ostinato

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Related to ostinatos: Basso ostinato, Ostinati

ostinato:

see ground bassground bass,
melodic phrase used repeatedly as a bass line. In its earlier form, developed in the 13th and 14th cent., the ground or basso ostinato [Ital.,=obstinate] never varied in harmonization or pitch. The tenor, or pes, of Sumer Is Icumen In is such a ground.
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ostinato

a. a continuously reiterated musical phrase
b. (as modifier): an ostinato passage
References in periodicals archive ?
The application of motor "mechanical" rhythm, as well as "mechanically" progressing ostinato figures, then serves to enhance this effect.
From in-depth analysis of pertinent examples, recurring stylistic traits emerge, such as semitonal relations, third- and seventh-degree inflection, octatonic activity, tritonal polarity, sequentially treated second-inversion chords, altered Mixolydian mode (with flattened sixth) in addition to traditional modes, and multiple ostinatos, which cut across any particular phase.
Ives writes that the movement is "an attempt to reflect those distant, almost silent sounds of nature on a quiet summer night in a forest--and perhaps some of the feelings and thoughts of a lonely old man who may be 'passing' on while the distant church bells are tolling." (8) He even mentions the importance of the horn in his notes: "In any case, the number & arrangement of instruments is at the discretion of the conductor, and so that the solo part (Horn) will not be over covered." (9) Ives paints a hazy aural picture of solitude, loneliness and quietude by writing soft ostinatos in all the parts while the horn (and later a solo cello) plays a contemplative, wistful melody.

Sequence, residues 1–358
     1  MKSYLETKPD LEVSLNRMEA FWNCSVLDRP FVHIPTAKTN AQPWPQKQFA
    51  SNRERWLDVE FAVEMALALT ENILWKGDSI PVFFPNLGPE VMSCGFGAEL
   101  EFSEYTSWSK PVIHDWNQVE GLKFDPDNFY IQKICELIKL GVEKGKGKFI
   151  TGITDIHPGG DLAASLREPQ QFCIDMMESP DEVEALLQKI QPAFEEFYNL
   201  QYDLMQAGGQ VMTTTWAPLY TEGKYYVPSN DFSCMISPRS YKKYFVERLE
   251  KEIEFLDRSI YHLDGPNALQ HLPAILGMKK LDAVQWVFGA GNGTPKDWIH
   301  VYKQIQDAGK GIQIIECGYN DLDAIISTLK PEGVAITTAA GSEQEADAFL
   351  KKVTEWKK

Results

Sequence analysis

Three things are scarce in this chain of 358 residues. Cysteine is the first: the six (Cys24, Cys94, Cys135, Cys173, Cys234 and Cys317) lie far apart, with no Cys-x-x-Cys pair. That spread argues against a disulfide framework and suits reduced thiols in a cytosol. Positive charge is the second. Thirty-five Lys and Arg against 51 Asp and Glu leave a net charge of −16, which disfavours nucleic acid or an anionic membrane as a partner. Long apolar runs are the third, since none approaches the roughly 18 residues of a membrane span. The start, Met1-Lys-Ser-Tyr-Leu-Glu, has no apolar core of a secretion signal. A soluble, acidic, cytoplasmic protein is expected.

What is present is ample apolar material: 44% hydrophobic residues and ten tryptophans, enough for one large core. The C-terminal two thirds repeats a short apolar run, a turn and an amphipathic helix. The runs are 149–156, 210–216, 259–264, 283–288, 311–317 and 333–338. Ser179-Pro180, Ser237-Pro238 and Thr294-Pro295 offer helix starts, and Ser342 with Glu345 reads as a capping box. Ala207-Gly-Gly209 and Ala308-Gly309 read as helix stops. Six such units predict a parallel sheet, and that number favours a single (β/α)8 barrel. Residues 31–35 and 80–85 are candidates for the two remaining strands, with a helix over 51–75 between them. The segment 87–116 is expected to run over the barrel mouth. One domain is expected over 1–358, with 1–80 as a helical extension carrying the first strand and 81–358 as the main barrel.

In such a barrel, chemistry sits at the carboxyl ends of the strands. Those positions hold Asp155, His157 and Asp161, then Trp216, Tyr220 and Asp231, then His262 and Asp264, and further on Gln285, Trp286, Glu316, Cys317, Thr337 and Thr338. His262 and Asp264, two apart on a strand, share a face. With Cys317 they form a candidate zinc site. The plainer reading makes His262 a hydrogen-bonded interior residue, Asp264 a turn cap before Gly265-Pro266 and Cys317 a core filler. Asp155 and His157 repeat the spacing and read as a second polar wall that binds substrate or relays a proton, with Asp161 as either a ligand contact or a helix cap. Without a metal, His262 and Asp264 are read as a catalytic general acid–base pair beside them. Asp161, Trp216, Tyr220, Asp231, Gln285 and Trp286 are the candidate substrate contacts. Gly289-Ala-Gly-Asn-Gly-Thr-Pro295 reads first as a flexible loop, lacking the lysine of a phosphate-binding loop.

No amount of rhythmic irregularity and energetic ostinato, however, can compensate for inconsistency of melodic invention.
Percussionists and guitarists play interlocking riffs and ostinatos, constructing irresistible dance grooves out of dense polyrhythms.
The ostinatos connect smoothly between sections through the reinterpretation of a single pitch--E-flat across the gate, now interpreted as D-sharp--a technique not entirely foreign to classical composers, referred to as common-tone modulation in tonal contexts.
The passacaglia theme of the organ solo from the Glagolitic Mass is described as "a persistent chromaticizetl ostinato pedal" (p.
Using these studies, pianists learn to play idiomatic piano ostinatos of styles such as samba, bossa nova, lambada, bahia and partido alto, and artists including Joao Gilberto, Antonio Carlos Jobim, Astrud Gilberto, Gilberto Gil, Sergio Mendes and others.
The opening and closing measures present frequent shifts between fast rhythmic ostinatos on the one hand and slower chords and sustained pitches on the other.
Usually a drummer plays these rhythmic ostinatos throughout a section or a whole piece, and then repeats them using improvisatory variations.
Its three highly creative pieces use alternating meters, compelling ostinatos, modal harmonies and, above all, unexpected twists and turns as the "plot" of each piece unfolds.
From in-depth analysis of pertinent examples emerge recurring stylistic traits, such as semitonal relations, third- and seventh-degree inflection, octatonic activity, tritonal polarity, sequentially 'treated second-inversion chords, altered Mixolydian mode (with flattened sixth) in addition to traditional modes, and multiple ostinatos that cut across individual phrases.